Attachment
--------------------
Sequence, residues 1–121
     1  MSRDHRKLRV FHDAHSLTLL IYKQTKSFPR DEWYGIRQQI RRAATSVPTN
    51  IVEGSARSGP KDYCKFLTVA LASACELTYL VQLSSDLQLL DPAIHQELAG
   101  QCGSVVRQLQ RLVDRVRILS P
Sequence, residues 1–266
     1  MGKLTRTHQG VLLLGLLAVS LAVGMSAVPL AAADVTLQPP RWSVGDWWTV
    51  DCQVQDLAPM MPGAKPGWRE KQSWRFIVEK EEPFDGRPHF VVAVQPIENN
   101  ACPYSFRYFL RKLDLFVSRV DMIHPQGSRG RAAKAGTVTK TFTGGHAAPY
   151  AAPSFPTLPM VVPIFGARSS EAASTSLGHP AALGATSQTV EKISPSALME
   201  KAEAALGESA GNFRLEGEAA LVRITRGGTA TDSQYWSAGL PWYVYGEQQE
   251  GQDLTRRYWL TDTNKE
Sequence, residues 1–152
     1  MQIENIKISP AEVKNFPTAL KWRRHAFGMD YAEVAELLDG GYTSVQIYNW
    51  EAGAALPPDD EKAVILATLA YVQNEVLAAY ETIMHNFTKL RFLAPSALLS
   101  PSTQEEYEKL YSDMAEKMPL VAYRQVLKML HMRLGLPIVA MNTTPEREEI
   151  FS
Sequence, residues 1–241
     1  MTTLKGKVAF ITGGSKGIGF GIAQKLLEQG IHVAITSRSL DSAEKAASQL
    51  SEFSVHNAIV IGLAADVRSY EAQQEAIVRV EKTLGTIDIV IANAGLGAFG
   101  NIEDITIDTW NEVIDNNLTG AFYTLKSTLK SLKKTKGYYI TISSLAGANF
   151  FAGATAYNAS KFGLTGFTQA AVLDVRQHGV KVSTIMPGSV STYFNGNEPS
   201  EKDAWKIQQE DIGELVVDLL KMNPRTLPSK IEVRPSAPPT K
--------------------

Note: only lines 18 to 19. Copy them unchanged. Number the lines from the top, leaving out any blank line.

     1  MTTLKGKVAF ITGGSKGIGF GIAQKLLEQG IHVAITSRSL DSAEKAASQL
    51  SEFSVHNAIV IGLAADVRSY EAQQEAIVRV EKTLGTIDIV IANAGLGAFG